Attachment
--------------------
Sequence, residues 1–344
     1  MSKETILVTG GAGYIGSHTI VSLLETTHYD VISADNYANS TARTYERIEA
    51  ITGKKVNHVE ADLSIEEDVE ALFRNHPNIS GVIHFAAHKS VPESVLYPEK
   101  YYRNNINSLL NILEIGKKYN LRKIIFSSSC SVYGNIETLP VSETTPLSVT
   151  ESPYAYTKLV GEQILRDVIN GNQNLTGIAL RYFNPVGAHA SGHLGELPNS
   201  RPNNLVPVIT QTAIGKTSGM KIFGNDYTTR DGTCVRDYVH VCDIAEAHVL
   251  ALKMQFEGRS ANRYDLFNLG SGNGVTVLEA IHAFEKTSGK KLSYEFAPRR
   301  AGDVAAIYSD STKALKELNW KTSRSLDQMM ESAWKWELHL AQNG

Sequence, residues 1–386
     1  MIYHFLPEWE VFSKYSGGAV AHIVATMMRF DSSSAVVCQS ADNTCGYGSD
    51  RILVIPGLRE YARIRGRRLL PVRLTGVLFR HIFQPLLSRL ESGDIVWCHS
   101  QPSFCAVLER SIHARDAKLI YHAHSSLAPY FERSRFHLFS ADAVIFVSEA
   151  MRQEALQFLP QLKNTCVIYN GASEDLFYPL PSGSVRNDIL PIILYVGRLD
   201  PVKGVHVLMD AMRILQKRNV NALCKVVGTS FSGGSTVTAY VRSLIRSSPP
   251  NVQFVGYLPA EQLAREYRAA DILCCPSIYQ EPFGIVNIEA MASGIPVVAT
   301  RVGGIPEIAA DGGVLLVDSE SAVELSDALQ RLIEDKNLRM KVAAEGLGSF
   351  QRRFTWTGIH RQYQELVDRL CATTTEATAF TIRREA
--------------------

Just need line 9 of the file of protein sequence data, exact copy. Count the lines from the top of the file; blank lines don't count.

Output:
Sequence, residues 1–386